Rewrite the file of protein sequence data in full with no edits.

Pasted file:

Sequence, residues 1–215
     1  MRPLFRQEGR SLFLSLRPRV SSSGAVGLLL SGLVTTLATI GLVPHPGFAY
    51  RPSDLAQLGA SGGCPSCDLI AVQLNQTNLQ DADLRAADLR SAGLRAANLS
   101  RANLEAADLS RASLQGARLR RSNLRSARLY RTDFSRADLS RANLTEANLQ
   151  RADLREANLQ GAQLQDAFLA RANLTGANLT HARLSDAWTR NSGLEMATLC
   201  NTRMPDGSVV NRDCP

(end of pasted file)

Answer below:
Sequence, residues 1–215
     1  MRPLFRQEGR SLFLSLRPRV SSSGAVGLLL SGLVTTLATI GLVPHPGFAY
    51  RPSDLAQLGA SGGCPSCDLI AVQLNQTNLQ DADLRAADLR SAGLRAANLS
   101  RANLEAADLS RASLQGARLR RSNLRSARLY RTDFSRADLS RANLTEANLQ
   151  RADLREANLQ GAQLQDAFLA RANLTGANLT HARLSDAWTR NSGLEMATLC
   201  NTRMPDGSVV NRDCP